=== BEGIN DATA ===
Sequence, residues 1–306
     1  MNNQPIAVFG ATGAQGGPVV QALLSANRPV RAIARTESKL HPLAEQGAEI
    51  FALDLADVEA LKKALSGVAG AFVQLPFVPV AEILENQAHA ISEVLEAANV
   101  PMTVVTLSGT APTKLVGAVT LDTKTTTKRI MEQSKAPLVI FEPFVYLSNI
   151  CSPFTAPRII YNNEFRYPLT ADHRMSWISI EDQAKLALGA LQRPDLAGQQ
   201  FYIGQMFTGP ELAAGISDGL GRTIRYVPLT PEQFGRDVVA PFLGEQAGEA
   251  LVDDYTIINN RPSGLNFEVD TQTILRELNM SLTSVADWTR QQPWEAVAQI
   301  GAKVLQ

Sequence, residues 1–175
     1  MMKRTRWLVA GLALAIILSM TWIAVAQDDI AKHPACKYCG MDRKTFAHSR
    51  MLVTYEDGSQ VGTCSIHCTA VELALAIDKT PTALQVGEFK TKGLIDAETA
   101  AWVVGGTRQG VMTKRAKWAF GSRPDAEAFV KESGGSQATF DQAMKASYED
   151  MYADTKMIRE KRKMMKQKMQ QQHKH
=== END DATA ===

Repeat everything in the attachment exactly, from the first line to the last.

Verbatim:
Sequence, residues 1–306
     1  MNNQPIAVFG ATGAQGGPVV QALLSANRPV RAIARTESKL HPLAEQGAEI
    51  FALDLADVEA LKKALSGVAG AFVQLPFVPV AEILENQAHA ISEVLEAANV
   101  PMTVVTLSGT APTKLVGAVT LDTKTTTKRI MEQSKAPLVI FEPFVYLSNI
   151  CSPFTAPRII YNNEFRYPLT ADHRMSWISI EDQAKLALGA LQRPDLAGQQ
   201  FYIGQMFTGP ELAAGISDGL GRTIRYVPLT PEQFGRDVVA PFLGEQAGEA
   251  LVDDYTIINN RPSGLNFEVD TQTILRELNM SLTSVADWTR QQPWEAVAQI
   301  GAKVLQ

Sequence, residues 1–175
     1  MMKRTRWLVA GLALAIILSM TWIAVAQDDI AKHPACKYCG MDRKTFAHSR
    51  MLVTYEDGSQ VGTCSIHCTA VELALAIDKT PTALQVGEFK TKGLIDAETA
   101  AWVVGGTRQG VMTKRAKWAF GSRPDAEAFV KESGGSQATF DQAMKASYED
   151  MYADTKMIRE KRKMMKQKMQ QQHKH